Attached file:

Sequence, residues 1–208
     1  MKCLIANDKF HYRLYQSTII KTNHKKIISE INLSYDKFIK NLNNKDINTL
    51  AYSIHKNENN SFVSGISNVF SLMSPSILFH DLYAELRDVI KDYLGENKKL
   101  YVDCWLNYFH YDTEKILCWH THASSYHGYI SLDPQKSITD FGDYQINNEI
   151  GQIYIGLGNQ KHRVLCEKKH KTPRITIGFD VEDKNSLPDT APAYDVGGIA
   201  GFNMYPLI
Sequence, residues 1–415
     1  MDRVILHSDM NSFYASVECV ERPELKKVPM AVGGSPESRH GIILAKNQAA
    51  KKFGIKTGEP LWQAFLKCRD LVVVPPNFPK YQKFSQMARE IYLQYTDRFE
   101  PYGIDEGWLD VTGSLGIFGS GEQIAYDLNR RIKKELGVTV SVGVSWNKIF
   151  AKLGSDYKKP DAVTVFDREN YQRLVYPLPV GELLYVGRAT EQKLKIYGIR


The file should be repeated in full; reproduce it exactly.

Sequence, residues 1–208
     1  MKCLIANDKF HYRLYQSTII KTNHKKIISE INLSYDKFIK NLNNKDINTL
    51  AYSIHKNENN SFVSGISNVF SLMSPSILFH DLYAELRDVI KDYLGENKKL
   101  YVDCWLNYFH YDTEKILCWH THASSYHGYI SLDPQKSITD FGDYQINNEI
   151  GQIYIGLGNQ KHRVLCEKKH KTPRITIGFD VEDKNSLPDT APAYDVGGIA
   201  GFNMYPLI
Sequence, residues 1–415
     1  MDRVILHSDM NSFYASVECV ERPELKKVPM AVGGSPESRH GIILAKNQAA
    51  KKFGIKTGEP LWQAFLKCRD LVVVPPNFPK YQKFSQMARE IYLQYTDRFE
   101  PYGIDEGWLD VTGSLGIFGS GEQIAYDLNR RIKKELGVTV SVGVSWNKIF
   151  AKLGSDYKKP DAVTVFDREN YQRLVYPLPV GELLYVGRAT EQKLKIYGIR